ECB mulling interest rate threshold for bond buys: magazine
BERLIN (Reuters) - The European Central Bank is considering setting interest rate thresholds for any purchases of struggling euro zone country's bonds so that it would buy such bonds if their interest rates exceeded a certain premium over German bonds, a German magazine reported.
Germany's weekly Spiegel magazine, which did not name its sources, said on Sunday that the ECB would decide whether to implement such thresholds at its September meeting.
The measure would signal to investors what interest level the ECB considers appropriate. That would discourage speculators from pushing yields above the level set by the euro zone's central bank, the magazine said.
The ECB said it had no comment on the report.
ECB President Mario Draghi signaled earlier this month that the bank may start buying government debt to reduce crippling Spanish and Italian borrowing costs but he also said any intervention would only come if governments requested euro zone aid first. That in turn would be linked to conditions.
By introducing interest rate thresholds the bank would aim to keep the financing costs of struggling countries in check while also ensuring that interest rates in the euro zone do not diverge too much, according to Spiegel.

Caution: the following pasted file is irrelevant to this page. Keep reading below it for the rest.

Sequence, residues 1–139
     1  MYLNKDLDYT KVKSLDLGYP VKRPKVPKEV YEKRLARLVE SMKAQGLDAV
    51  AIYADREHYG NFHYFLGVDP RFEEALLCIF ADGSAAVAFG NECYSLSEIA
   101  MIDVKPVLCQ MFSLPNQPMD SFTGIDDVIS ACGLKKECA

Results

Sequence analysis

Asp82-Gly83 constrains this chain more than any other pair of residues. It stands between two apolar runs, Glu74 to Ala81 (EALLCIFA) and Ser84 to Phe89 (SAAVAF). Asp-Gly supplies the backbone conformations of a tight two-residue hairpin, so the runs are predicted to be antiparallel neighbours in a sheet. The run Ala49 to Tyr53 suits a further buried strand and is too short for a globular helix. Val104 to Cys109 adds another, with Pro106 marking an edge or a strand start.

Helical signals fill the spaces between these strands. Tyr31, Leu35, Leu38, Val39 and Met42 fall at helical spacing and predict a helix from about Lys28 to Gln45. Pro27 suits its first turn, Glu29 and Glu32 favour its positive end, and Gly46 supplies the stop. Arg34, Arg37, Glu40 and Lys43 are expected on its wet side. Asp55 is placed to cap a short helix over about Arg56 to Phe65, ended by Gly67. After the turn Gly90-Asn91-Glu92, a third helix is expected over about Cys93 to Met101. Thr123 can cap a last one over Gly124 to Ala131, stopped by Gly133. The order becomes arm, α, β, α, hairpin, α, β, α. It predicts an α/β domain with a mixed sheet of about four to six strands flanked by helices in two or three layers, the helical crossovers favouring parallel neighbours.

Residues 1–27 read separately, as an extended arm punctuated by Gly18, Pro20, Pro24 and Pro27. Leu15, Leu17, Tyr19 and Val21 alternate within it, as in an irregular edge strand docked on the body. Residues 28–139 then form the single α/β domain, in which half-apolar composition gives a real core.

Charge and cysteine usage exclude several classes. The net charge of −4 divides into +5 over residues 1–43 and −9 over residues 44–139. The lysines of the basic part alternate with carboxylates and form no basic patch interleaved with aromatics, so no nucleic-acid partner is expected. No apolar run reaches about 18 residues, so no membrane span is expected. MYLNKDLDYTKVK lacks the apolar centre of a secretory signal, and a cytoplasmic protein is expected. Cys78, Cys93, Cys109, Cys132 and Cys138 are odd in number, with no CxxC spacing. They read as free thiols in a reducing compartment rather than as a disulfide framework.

The German Bundesbank has opposed the ECB's buying of sovereign bonds to bring down the borrowing costs of struggling states because it treads too close to the central bank's ultimate taboo of state financing.
German Finance Minister Wolfgang Schaeuble on Saturday rejected the idea of financing state debt via the European Central Bank: "If we start doing that, we won't stop. It's like when you start trying to solve your problems with drugs," he said.
German Chancellor Angela Merkel however voiced support on Thursday for Draghi's crisis-fighting strategy.
Spiegel said the ECB wants to make its bond purchases more transparent in future and plans to start announcing the volume of its sovereign bond purchases immediately after buying them. At present the bank announces each Monday how much money it spent on bond purchases during the previous week.
(Reporting by Michelle Martin; Editing by Susan Fenton)
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